There is speculation that the Amityville Horror and Poltergeist movies both have some tie to paranormal activity that was documented in the locations of some horrific killings of the native people.
- “The house was located 1648 Redwood Path, Seaford, NY. This is at the other side of where the greatest number of Indians were killed on Long Island from where the famous Amityville house is located. The two movie made famous by the two separate movie series are a few minutes drive from each other. The great number of Indians were killed near the corner of Merrick and Cedar Shore Roads in Massapequa by John Underhill in 1653. In both the Amityville case and the Poltergeist case an angry Indian chief was killed. This killing was done on behalf of the Dutch. The most famous Sachem (Chief) of the Massapequa Indians was Sachem Tackapausha who sold a large part of the area in 1658. Some point to Tackapausha as being the angry Indian chief that caused the disturbances in what became the Amityville Horror movie, and later the Poltergeist movie.”
- This is also a story of someone who grew up in Rockaway and believed that they saw a Native American Ghost
THE SETTLERS AND THE NATIVE PEOPLES
“The Indians also helped the settlers by teaching them how to hunt and fish, and how to plant corn which enabled the settlers to survive in this new environment.
While the English settlers managed to exist side-by-side with the Indians, the Dutch immigrants were not so willing to treat the Indians fairly. In exchange for furs and wampum, the Dutch were likely to give the Indians guns and rum. Indians were often murdered by Dutch troublemakers, and the tribes of westernLong Islandturned their guns against settlers more than once. Trouble with the Dutch was one of the factors which eventually drove the Indians fromLong Island. Another was a smallpox epidemic in 1658, which reportedly killed two-thirds of the tribes in the area. Moreover, the influx of white settlers and the resulting expansion of farmland drove animals away, and the Indians who were hunters migrated to the mainland in pursuit of game. ”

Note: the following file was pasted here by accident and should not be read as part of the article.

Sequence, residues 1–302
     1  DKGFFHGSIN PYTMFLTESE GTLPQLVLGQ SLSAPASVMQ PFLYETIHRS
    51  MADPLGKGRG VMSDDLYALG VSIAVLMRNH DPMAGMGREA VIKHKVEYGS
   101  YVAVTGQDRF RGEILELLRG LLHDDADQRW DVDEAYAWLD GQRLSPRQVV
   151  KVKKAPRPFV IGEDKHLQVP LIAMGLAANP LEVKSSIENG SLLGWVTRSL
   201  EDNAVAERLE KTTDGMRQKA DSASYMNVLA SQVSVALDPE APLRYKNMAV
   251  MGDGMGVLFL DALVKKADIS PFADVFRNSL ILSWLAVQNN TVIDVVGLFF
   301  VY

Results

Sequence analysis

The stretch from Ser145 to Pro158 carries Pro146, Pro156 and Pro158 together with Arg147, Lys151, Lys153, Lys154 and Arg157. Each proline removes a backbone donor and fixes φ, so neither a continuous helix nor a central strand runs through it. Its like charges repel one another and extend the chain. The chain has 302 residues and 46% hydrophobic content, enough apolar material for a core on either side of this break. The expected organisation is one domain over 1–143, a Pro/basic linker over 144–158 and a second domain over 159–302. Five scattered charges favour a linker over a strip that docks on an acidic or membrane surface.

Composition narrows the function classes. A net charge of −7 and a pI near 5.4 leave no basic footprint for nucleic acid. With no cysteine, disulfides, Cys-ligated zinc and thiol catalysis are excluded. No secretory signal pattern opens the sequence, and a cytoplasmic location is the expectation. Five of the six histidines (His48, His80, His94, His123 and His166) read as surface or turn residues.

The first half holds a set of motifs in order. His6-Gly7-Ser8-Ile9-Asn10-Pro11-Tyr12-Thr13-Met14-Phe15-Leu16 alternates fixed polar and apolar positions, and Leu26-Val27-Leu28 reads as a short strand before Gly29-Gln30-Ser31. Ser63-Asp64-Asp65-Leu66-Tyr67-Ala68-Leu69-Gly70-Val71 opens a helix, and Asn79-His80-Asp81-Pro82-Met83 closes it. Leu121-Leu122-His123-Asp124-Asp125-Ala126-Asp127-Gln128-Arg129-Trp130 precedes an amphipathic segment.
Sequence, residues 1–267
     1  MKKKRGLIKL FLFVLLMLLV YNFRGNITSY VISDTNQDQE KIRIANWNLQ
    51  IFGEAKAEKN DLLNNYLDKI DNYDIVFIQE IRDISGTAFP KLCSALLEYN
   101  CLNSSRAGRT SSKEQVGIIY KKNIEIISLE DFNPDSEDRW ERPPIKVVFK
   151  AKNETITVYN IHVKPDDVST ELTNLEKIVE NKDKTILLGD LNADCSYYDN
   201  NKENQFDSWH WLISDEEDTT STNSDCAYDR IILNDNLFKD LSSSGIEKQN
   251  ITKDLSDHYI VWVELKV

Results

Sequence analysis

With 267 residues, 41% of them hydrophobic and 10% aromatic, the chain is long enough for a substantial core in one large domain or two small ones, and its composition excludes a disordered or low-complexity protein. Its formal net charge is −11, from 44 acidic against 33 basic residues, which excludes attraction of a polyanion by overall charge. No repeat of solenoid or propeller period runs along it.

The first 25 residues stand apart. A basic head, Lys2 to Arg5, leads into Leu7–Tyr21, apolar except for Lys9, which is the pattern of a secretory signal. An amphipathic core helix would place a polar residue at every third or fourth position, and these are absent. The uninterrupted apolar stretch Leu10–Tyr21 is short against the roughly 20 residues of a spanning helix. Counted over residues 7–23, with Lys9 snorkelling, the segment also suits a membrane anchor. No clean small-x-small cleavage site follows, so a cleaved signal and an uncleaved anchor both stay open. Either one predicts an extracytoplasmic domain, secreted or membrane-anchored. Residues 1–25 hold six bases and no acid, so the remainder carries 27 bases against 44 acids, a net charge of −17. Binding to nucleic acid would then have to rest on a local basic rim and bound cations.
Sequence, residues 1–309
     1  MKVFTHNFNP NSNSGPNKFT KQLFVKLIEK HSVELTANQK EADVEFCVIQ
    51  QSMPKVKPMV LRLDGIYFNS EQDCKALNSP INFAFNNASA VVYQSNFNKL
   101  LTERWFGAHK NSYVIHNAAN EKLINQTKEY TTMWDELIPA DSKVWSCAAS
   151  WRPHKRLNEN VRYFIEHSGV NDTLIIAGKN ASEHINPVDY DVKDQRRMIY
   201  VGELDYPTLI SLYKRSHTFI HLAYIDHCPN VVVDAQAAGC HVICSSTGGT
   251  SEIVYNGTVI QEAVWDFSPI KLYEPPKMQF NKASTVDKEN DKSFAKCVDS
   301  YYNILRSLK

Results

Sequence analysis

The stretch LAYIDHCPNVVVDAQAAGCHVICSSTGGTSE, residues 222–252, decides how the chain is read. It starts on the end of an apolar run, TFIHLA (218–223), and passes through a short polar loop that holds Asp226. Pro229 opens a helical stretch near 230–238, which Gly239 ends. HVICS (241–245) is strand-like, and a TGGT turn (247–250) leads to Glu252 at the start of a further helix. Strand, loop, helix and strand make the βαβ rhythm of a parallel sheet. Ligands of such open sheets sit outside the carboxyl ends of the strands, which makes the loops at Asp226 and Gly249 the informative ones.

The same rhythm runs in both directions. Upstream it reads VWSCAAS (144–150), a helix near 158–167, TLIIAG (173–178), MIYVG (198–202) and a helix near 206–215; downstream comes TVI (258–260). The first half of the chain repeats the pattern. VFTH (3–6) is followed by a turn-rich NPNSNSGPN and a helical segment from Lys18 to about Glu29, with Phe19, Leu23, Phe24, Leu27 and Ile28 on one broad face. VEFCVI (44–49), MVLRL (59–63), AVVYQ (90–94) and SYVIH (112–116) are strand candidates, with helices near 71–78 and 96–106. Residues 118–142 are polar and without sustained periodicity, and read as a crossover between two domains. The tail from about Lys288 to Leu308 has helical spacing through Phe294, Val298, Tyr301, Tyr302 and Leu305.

By 1741, it was estimated that only 400 natives remained on the island. By the time of the American Revolution in 1775, Indians were a rare sight on the island, having been driven away from their beloved “Paumanok”. ”
THE LAST OF THE ROCKAWAY INDIANS
From: Five Towns Local History
“By the 19th Century, most Rockaway Indians had left Long Island or had intermarried generations before. Culluloo Telewana, whom Abraham Hewlett believed to be the last of the Rockaways, instructed young boys like Hewlett in forest lore, woodcraft and fishing. Whether Culluloo was truly the last of the Rockaways or an escaped slave, is a subject for debate among historians. Late in life, Hewlett remembered
“Culluloo, the Indian, whom I saw mornings and evenings when he went to and returned from work, that he was very kind … “(Bellot, p.69)
Hewlett recounted that when he died, Culluloo was buried in an unmarked grave in the woods. When he became a successful businessman, Abraham Hewlett resolved that he would erect a monument to his boyhood friend, who died in 1818. The monument, built on Broadway at Linden Street in Woodmere, on Hewlett’s property, was finished on October 17, 1888 – the day Hewlett died. In 1901, the property was purchased by Robert L. Burton, a land developer, who removed the monument. Local historian William S. Pettit convinced Burton’s brother, John Howes Burton, to rescue the granite obelisk from oblivion and create a small triangle of land on Wood Lane, where it is still located. The monument reads:
“Here lived and died Culluloo Telewana, A.D, 1818,
The last of the
Rockaway Iroquois Indians, who was personally known to me in my boyhood. I, owning the land, have erected this monument to him and his tribe.””
“Riis Park was at first to be named in memory of Cullulloo Telewana, the last surviving Algonquin Indian.
Native Peoples are still round and about through out the New York City area. Aviator has been hosting events during the summer. If you would like to see more about Native Peoples of today please check out this website at National Museum of the American Indian, American Indian Community House or a book about the Algonquian Peoples of Long Island (1996)
*November is Native Indian and Alaskan Native Heritage Month.
Check out the calendar of events HERE.